From handicrafts to artificial intelligence... "DEDI" initiative promotes sustainable fashion

Writer: Salma Arafa - Translator: Amira Gawdat
السبت 24 فبراير 2024 | 06:17 مساءً

Behind each piece of clothing that you include in your room closet, there are many production steps that it has gone through, and it has increased the pressure on the environment's resources which is subsequently exacerbated when you decide to dispose of them to trash, to wait for their role in reaching garbage.

More than 100 billion pieces of clothing are produced in the world annually, after fast fashion thought dominated various countries to different degrees. Now, they must cooperate in order to turn the tide of this sector again towards sustainability.

Fast fashion focuses on producing large quantities of clothing at lower prices and quality, to the extent that the percentage of greenhouse gas emissions caused by the fashion sector has reached between 8: 10 % of global emissions, according to UN estimates.

Sustainable fashion was the subject of the second and third editions of the “Green Gate” program launched by the Danish-Egyptian Dialogue Initiative “DEDI”, which succeeded in promoting this type of cooperation, linking between different parties in the world of sustainable fashion, including entrepreneurs, experts, researchers and environmental activists from both countries.

The founding of DEDI dates back to 2004, in cooperation between the Governments of Egypt and Denmark, with the aim of promoting cooperation and cultural exchange between the two countries.

Speaking to “Green in Arabic”, Rana Khamis, the Director of the Sustainability Program at the Initiative, says that the choice of sustainable fashion is due to the importance of the topic, and the lack of bodies interested in it, although there are many innovative projects that need support and inspiration, especially if the source of this inspiration is a country that has made progress in this area, namely Denmark.

Different cultures

Gathering participants from two countries with a different culture seems at first glance very difficult, but Rana says that each team's concerns were completely disappearing once they had their first remote meeting to get to know each other, before workshops and training sessions started in Denmark, and then Egypt.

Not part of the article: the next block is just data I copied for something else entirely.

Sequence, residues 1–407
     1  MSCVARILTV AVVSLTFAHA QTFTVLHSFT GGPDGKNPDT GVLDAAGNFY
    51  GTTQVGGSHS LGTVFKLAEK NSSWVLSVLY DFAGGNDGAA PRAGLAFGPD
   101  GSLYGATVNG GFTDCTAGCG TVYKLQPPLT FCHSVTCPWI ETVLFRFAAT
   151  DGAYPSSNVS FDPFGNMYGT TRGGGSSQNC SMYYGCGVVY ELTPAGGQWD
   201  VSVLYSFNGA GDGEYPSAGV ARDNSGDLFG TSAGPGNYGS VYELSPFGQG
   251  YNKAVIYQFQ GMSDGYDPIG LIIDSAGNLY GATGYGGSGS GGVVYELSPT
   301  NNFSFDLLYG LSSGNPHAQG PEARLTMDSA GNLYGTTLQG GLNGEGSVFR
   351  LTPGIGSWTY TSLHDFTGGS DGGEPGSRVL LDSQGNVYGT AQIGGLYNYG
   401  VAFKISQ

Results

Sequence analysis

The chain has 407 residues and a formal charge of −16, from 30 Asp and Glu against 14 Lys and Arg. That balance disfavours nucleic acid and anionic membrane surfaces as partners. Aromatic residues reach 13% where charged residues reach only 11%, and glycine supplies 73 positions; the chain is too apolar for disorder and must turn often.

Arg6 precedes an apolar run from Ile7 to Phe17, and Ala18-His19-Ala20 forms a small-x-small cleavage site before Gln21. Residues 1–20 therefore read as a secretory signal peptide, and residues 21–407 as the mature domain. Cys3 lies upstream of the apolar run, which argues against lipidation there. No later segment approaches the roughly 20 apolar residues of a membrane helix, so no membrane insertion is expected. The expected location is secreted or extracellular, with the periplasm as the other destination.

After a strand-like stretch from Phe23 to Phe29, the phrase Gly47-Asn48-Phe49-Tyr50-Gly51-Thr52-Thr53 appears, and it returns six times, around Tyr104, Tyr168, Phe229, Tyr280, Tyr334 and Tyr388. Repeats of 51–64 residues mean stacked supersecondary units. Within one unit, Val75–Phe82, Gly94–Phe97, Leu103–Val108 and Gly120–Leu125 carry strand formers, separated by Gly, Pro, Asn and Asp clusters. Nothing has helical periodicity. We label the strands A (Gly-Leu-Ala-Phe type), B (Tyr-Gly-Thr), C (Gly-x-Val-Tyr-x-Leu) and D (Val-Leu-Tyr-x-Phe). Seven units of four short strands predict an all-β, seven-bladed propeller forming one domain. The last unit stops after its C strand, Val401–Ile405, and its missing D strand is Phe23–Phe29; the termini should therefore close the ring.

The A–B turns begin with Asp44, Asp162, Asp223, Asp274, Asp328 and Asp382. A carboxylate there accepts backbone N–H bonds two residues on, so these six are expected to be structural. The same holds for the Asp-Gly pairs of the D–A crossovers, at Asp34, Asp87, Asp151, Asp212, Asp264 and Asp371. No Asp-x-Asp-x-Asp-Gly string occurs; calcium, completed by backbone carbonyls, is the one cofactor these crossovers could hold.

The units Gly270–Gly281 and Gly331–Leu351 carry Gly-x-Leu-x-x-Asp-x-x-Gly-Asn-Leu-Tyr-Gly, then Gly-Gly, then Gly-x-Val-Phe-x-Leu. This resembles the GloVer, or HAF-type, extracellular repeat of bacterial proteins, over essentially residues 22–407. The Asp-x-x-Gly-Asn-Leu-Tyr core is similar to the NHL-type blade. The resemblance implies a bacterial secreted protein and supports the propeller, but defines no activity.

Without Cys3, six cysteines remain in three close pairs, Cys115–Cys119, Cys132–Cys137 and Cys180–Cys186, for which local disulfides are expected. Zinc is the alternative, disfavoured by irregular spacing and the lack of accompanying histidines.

According to her, Egyptians learn from Danes strong commitment, while on the other side Danes learn communication skills because the nature of their social interaction is quite different as many European countries.

During the preparation phase, the program's organizers discovered that there are many business incubators both in Egypt and Denmark that are still at the beginning of the road and want to communicate with young entrepreneurs, which the initiative has succeeded in doing.

The program's focused skills, trained by dual-nationality participants, varied between personal skills, how to present their ideas to the public and technical skills related to fashion itself, in collaboration with many partners and experts.

According to her opinion, each participant works with a whole society, and thus can bring about change in the development of this society and raise consumer awareness.

Rana Khamis pointed out that researchers from both countries joined the program to develop their skills, noting that their presence benefited the rest of the participants by introducing them to the challenges in the field and to aspects that needed greater cooperation.

Technology and sustainable fashion

One of the sessions of the first version of the program in Denmark dealt with the use of artificial intelligence tools at some stages, rather than using and wasting fabrics.

The director of the sustainability program of the initiative says that there was insistence on the technological aspect of the third edition in 2023, as well as interest in the economic aspect through sessions to familiarize participants with the European market's export procedures.